Windows Firewall Issues

Last updated on 17 March, 2023

Configuring Windows Firewall to Allow Remote WMI

When obtaining data from a remote computer, WMI must establish a DCOM connection. If a Windows firewall is running with default settings, it will not allow this connection. To allow remote WMI through the firewall, on the computer to be monitored, perform one of the sets of steps outlined next.

Using the Command-Line Shell

To allow remote WMI through the firewall using the command-line shell:

  1. Enter one of the following commands, depending upon your Windows version:
    • netsh firewall set service RemoteAdmin enable
    • netsh advfirewall firewall set rule group="windows management instrumentation (wmi)" new enable=yes

Using the Group Policy Editor

To allow remote WMI through the firewall using the Group Policy editor, perform the following steps to enable “Allow Remote Administration” on the computer to be monitored:

  1. Under the Local Computer Policy heading, double-click Computer Configuration.
  2. Double-click Administrative Templates, Network, Network Connections, and then Windows Firewall.
  3. If the computer is in the domain, then double-click Domain Profile; otherwise, double-click Standard Profile.
  4. Click Windows Firewall: Allow remote administration exception.
  5. On the Action menu, select Properties.
  6. Click Enable, and then click OK.
  7. See Connecting Through Windows Firewall

Connecting Through External Firewalls

In the monitoring industry, it is typically not recommended to connect to a remote Windows computer through an external firewall via WMI. Rather, if you have different security zones in your network that are separated by firewalls or NAT devices, and no host is excluded from these restrictions, then simply install multiple Collectors—one on each side of the firewall or NAT devices—to monitor hosts in those zones appropriately.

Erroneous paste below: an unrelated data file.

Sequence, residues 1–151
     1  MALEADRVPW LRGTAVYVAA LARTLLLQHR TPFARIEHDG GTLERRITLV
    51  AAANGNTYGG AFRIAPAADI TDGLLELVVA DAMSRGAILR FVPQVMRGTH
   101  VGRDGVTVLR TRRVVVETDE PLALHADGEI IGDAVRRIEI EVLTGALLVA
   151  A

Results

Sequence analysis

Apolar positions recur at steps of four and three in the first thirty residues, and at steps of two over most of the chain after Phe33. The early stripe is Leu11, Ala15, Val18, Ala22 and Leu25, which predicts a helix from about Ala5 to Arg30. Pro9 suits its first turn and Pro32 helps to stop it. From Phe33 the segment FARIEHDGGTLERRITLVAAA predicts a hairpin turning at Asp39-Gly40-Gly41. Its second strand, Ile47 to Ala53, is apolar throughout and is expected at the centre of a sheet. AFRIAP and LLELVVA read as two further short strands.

The reason it is not recommended to connect through external firewalls is because it requires that hosts then be configured to restrict to a port range. In addition to creating an administrative burden, this customization can lead to port exhaustion if other applications rely on WMI but available ports are restricted, which can then subsequently prevent those applications or even LogicMonitor from referencing or collecting data. In addition, because customizations are in place, LogicMonitor’s ability to provide troubleshooting support may be limited if issues arise.

With that said, if you wish to try monitoring Windows hosts from a Collector that is firewalled from them, you must ensure that DCOM works, and that no NAT is being performed. While it can be done, you are accepting some risks as this configuration could present many No Data alerts and possibly result in poor monitoring reliability.

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